It’s legal. But it’s still controversial.
Its health benefits are debatable. But that doesn’t deter its advocates from making outrageous claims.
And no matter where you buy it, it’ll be strictly regulated just like alcohol, tobacco and firearms. But for far more dubious reasons.
After decades of political upheaval, Maine and the nation are still trying to come to terms with how to regulate a seemingly benign agricultural product with a name that begins with the letter “m.”
Hell no, I’m talking about milk.
For reasons that have never made sense, the sale of moo juice is subject to an array of rules more complicated than those governing such toxic substances as campaign finances, nuclear waste disposal or excess gubernatorial verbiage. Selling milk is significantly more difficult than selling Donald Trump’s agenda to Portland’s liberal legislative delegation.
The most obvious example of regulatory excess is Maine’s law controlling the retail price of milk. Unlike other forms of price controls, which attempt to protect consumers by placing maximum limits on how much can be charged, the state sets the minimum amount.
Excellent question, for which there seems to be no good answer. In theory, the law against bargain milk guarantees that dairy farmers receive enough return to remain in business, thereby propping up a traditional rural industry and preserving open space for future generations, who will neither be able to afford nor appreciate it.
How’s that worked out?
Not well. In 2001, the state had 645 commercial dairy farms. That number has declined nearly every year since then, until today there are fewer than 250. While the average farm is considerably larger than at the turn of the century, that hasn’t resulted in an improved bottom line. Most of them are struggling to survive. While milk production is up (those damn cows have no grasp of economics), profits are down due to a glut on the market.
To combat that trend, farmers have tried a couple of approaches. They offered organic milk at a premium price (remember, Maine rule-makers let them charge more, just not less). Unfortunately, the recent recession and the lack of large numbers of consumers willing to pay extra for something that’s not demonstrably healthier than the out-of-state, industrial-dairy milk from Cumbies has left that marketing effort in disarray. Another attempt to increase profits by allowing wider sales of raw milk has failed at least three times in the Legislature and a few other times in court. Add in all the incomprehensible interference from the 2014 federal farm bill, and it’s small wonder the dairy industry is in udder despair. (I swear the editor made me use that cow pie of a pun. Complaints should be directed to that cud-chewer.)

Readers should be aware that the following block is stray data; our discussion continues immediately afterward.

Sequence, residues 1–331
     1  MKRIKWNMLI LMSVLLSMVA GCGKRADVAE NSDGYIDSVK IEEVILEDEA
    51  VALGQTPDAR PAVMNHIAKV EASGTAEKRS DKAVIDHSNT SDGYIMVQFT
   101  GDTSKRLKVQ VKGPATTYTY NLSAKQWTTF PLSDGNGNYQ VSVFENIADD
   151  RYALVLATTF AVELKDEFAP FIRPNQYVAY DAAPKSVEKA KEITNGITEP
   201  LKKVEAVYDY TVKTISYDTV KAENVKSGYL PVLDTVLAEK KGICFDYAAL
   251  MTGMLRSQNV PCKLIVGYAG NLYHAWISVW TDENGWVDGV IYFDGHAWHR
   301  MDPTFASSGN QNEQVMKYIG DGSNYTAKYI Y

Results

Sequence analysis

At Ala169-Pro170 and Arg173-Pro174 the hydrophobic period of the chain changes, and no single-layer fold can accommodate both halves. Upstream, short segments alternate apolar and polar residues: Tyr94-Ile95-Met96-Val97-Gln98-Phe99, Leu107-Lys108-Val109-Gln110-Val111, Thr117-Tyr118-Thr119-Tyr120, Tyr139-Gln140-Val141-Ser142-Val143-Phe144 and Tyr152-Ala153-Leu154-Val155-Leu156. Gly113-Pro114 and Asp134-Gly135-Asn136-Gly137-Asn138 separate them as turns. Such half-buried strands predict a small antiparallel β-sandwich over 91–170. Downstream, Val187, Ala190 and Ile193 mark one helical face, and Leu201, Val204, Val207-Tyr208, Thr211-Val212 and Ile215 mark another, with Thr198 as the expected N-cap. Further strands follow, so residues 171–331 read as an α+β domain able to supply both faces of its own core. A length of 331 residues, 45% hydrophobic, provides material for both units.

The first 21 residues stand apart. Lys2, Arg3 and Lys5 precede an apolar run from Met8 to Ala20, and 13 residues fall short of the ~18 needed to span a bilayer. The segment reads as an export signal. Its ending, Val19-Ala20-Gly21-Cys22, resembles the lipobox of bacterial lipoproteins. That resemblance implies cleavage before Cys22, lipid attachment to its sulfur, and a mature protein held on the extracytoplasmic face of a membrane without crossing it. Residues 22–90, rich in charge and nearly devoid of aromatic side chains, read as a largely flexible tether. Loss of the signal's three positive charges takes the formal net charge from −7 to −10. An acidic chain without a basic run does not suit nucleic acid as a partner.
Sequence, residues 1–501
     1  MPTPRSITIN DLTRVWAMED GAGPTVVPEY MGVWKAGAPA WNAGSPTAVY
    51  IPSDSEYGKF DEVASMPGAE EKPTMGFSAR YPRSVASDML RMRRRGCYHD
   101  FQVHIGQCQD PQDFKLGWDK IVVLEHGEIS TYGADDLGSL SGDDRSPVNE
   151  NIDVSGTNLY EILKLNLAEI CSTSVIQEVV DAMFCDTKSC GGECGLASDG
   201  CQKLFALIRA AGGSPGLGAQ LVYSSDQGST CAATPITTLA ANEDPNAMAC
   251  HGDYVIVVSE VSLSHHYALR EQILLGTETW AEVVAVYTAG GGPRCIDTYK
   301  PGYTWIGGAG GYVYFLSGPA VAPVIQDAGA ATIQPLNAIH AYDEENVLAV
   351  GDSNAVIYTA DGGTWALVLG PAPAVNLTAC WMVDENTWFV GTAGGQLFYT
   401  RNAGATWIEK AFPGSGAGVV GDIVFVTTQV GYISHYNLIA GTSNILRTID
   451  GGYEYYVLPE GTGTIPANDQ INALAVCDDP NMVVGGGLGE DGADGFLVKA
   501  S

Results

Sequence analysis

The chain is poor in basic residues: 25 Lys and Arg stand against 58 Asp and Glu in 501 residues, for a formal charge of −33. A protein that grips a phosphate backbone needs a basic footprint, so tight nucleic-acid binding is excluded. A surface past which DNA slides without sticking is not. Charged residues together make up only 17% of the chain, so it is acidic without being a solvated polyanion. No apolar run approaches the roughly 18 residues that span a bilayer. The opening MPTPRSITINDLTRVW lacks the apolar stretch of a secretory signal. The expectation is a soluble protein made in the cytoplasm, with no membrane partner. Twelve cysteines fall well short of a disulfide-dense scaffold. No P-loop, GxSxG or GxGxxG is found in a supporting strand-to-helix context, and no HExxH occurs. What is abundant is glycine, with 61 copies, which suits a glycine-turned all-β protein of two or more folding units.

There is, however, a bright side to all this overregulation. Cow-control officials collect fees from the dairy industry and also receive cash from the state budget, with this money set aside to help farms in distress. Which, as previously noted, is nearly all of them.
In the past two years, this fund has given out $32 million to offset farmers’ losses (a sum that would no doubt have drawn the ire of state welfare bureaucrats if it was discovered that any of these recipients were immigrants from terrorist-plagued nations). That’s a lot of money to prop up a dying industry. Although, it’s probably less than we’ve wasted trying to salvage all those shuttered (and soon-to-be-shuttered) paper mills.
Maybe it’s time to put our efforts into promoting a form of economic development that’s more likely to be profitable, even without a continuing infusion of public funding. And maybe it’s possible to accomplish that without any loss of agricultural jobs and while maintaining a reasonable facsimile of the rural lifestyle.
Maybe it’s time to seriously consider that other “m” word:
You know, like kangaroos. There’s got to be some kind of market for them. And the only competition is Australia. We could own this deal.
The real “m” word is marijuana. Any dairy farmer who isn’t thinking about putting in a pot crop should be stuck in the butt with a cattle prod.